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Website and Banner Ad Personalization Best Practices

Website and Banner Ad Personalization Best Practices

Bombarding people left and right with brand messaging and hoping for the best is no longer a practice in the world of online advertising. Today, every B2B ad campaign today needs to have a targeted approach with a touch of personalization in order to attract targeted audiences. 

In fact, statistics indicate that a whopping 81% of all B2B customers want brands to get to know them and know when they want to be approached. Around 79% of organizations that exceeded their revenue goals have a digital advertising strategy that includes personalization. 

Moreover, nearly three-quarters of customers feel frustrated when website content is not personalized in any form. And more than half are willing to provide personal information on a website if it benefits them and is used responsibly.

79% of consumers say that they are more likely to engage with an offer if it has been personalized to reflect their past interactions with the brand. 

That said, there are several inherent challenges with personalized ads and websites. To avoid these pitfalls, there are several best practices that you can follow when pursuing ad personalization.

Drill Down Your Personalization

Personalization can come in many forms within dynamic display ads. Choosing the right kind of personalization that fits your current strategy is the key to success. Take for instance a company’s name. We can dynamically insert it into an ad whenever that target account gets served the ad. This technique is great when we try to make a strong first impression with a potential new customer. The same thing can be said if we were to insert the industry, zip code, or some custom attribute about the company. 

However, a more personalized approach is to have the company name and, say, its industry display at different stages of the campaign. For example, you can use the industry personalization during the first point of contact in the campaign, alongside a general message. Then, as the targeted audiences become more familiar with you, you can also introduce the company name and a more explicit message alongside it. 

This second message can contain more in-depth descriptions coupled with some product pages. This way, you will let them know you’re talking to them directly, that you know their purchasing intent, and that you have what they’re looking for. 

Draw Attention 

Personalization is among the most effective ways to give your ad campaign something special. If done right, personalization can even double your audience engagement. Click To Tweet For that to happen, people need to notice it first. Keep in mind that many webpages have plenty of elements already, including other ads, which might make yours difficult to notice. Make smart, simple design choices like opting for an easy to see font with a background color that pops. Ads should draw the eye in and be easy to read with a clear message. 

Don’t Forget the Final Frame of your Banner Ad

Many web pages show ads on an animated banner. These start the moment users make it onto the landing page. The downside of a banner ad here is that the user’s attention will, initially, be drawn elsewhere on the page. This means that the opening frame of the animated banner will almost always be missed by the viewer.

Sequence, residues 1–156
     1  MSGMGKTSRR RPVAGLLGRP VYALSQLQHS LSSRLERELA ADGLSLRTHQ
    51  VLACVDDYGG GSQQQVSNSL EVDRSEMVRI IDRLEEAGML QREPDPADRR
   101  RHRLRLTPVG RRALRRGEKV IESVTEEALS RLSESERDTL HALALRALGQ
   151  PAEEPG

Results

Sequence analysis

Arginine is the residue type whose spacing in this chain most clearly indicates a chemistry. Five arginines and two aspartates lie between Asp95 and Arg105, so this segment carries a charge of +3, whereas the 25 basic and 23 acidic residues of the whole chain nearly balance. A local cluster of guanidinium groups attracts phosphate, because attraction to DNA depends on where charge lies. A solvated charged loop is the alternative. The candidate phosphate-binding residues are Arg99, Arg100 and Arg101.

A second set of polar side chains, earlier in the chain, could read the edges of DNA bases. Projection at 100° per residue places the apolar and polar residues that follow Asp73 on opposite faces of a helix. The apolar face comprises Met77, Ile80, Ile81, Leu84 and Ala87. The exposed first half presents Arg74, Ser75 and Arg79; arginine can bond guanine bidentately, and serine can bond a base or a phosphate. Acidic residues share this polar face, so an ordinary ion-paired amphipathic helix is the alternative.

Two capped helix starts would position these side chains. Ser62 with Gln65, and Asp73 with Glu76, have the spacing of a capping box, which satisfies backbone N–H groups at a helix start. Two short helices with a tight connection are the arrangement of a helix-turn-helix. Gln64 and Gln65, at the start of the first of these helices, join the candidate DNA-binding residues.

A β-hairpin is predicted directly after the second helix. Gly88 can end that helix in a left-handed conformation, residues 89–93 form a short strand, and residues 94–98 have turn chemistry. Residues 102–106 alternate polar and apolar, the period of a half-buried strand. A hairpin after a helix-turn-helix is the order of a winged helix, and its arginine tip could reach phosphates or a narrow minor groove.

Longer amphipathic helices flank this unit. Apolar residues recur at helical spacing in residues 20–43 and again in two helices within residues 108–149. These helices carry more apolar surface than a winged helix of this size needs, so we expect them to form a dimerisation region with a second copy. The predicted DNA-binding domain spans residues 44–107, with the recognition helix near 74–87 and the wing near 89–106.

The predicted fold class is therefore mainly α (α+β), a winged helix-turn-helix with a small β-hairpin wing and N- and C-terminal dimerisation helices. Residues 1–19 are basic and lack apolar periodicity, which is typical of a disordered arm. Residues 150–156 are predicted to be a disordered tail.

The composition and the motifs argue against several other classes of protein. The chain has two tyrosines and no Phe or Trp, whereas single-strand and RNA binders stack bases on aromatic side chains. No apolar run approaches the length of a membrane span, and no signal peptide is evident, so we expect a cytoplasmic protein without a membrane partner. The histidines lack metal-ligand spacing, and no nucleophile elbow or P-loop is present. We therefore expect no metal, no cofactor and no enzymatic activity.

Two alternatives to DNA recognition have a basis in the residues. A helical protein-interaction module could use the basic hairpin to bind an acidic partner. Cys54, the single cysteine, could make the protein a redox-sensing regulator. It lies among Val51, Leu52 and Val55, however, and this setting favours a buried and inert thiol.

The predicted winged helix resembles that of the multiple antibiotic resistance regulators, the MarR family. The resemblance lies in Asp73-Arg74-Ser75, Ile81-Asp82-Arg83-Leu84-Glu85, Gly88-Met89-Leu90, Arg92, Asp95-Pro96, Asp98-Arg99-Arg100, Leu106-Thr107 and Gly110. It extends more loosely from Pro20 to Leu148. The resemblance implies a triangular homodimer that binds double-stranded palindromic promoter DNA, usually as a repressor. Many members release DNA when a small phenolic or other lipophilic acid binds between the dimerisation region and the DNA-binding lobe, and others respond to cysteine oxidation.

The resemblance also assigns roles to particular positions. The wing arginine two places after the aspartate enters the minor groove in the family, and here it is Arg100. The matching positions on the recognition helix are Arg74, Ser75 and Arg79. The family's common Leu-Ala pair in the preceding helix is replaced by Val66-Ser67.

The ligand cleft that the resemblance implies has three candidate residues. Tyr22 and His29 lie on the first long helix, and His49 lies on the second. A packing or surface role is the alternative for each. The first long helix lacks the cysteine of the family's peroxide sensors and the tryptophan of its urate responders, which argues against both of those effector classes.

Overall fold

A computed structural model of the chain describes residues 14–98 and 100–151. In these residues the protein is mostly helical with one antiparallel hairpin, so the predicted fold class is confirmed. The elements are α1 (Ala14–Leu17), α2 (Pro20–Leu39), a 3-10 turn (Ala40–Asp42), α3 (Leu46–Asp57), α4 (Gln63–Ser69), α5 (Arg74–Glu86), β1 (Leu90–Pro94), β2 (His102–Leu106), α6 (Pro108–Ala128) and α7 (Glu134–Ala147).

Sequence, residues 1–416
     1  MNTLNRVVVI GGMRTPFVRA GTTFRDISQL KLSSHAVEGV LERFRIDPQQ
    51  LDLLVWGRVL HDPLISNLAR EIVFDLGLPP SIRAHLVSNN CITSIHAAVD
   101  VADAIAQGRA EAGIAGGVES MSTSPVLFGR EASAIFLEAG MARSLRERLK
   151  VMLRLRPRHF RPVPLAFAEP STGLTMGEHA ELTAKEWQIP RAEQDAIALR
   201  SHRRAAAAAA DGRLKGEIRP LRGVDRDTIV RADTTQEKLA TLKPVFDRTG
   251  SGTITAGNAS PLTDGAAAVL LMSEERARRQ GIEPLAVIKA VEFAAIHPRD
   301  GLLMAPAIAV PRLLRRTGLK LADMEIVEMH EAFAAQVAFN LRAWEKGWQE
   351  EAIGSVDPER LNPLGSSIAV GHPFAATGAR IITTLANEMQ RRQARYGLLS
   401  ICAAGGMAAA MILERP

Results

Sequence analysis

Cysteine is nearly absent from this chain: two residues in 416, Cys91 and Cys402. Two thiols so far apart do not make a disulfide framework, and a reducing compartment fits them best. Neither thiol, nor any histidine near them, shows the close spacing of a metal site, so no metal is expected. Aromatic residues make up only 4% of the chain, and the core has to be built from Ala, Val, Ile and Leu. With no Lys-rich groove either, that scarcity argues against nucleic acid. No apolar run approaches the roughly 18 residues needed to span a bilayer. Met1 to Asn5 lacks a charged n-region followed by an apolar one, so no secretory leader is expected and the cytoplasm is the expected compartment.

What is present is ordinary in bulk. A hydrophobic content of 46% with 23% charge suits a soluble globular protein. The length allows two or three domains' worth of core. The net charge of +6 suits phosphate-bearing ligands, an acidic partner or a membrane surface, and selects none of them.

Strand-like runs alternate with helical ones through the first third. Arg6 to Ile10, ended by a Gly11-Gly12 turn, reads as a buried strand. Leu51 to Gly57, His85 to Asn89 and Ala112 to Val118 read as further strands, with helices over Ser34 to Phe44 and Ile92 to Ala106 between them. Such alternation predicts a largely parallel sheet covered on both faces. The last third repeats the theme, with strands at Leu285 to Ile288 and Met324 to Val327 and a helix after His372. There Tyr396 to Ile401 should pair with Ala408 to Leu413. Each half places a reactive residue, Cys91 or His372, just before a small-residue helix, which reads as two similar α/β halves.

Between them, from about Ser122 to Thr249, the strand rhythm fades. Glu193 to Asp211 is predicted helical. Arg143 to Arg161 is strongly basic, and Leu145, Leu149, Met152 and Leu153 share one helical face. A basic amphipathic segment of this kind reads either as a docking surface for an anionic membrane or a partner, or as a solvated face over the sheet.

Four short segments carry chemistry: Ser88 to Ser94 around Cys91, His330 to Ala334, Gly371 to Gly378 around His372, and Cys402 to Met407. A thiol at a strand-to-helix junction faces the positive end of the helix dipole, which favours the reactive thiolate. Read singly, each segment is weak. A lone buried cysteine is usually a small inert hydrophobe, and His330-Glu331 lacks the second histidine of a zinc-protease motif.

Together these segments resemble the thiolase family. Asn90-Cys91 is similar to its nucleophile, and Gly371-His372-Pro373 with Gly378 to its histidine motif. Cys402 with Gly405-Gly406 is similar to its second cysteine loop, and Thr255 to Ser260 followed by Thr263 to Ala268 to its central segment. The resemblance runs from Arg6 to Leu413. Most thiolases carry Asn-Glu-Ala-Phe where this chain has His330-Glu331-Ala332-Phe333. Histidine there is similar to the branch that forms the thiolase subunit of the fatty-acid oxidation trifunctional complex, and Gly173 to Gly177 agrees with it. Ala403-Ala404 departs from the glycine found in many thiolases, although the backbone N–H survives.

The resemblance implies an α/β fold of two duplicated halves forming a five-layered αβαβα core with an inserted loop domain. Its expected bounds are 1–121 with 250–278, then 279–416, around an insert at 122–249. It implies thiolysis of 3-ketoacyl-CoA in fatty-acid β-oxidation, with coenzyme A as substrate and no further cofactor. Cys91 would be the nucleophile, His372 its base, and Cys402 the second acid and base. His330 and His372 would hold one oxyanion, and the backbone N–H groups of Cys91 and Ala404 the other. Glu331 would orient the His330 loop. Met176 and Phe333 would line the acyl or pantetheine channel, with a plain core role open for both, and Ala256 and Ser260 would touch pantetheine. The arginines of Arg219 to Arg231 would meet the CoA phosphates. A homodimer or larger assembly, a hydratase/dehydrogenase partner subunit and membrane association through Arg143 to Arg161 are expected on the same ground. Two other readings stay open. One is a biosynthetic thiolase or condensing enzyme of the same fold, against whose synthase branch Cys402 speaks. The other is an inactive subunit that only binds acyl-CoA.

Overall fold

As such, it’s advisable that you focus your personalization efforts towards the end frames of the ad, giving the viewer time to notice it. This is not to say that you shouldn’t personalize the other frames, just don’t forget the last one. 

Mind the Word Wrapping

Word wrapping is an issue often overlooked in ad and website personalization, and something that can make or break an entire campaign. Dynamic ads change personalization based on who is seeing them. This means that the company name, industry, or other such elements can change with every new viewer. This means that personalization terms or names will change in length, making word wrapping possible. 

Simply put, word wrapping is the word processing feature that breaks text lines between words to adjust them within specified margins. Sometimes a company’s name will be too long or too short, completely distorting the layout of your ad. Text can end up overlapping your logo, the CTA, or the background image. As such, it’s always recommended that you use placeholder text that takes into account long words or names. Something like {A Long Company Name Goes Here} instead of {COMPANY} or {COMPANY NAME} will suffice. Doing so will guarantee that you design your ads with long names in mind and avoid any display nightmares. 

Ad Campaigns and Landing Pages Work Together

Many ad campaign designers forget that their ads are a sort of teaser, aimed at drawing people toward a landing page. Therefore, some end up designing great ad campaigns with a great look and compelling messages, only to fall short when it comes to the landing page. The landing page should mirror the ad in design, CTA, and messaging. Doing so satisfies a user’s expectations of what they thought they would see once they clicked on the ad. 

If you pair these best practices with the right tools you are well on your way to a successful ad personalization effort. Here are several website and banner ad personalization tools that can help you generate the best results: Optimizely, Adobe Target, Dynamic Yield, Google Optimize, or Evergage

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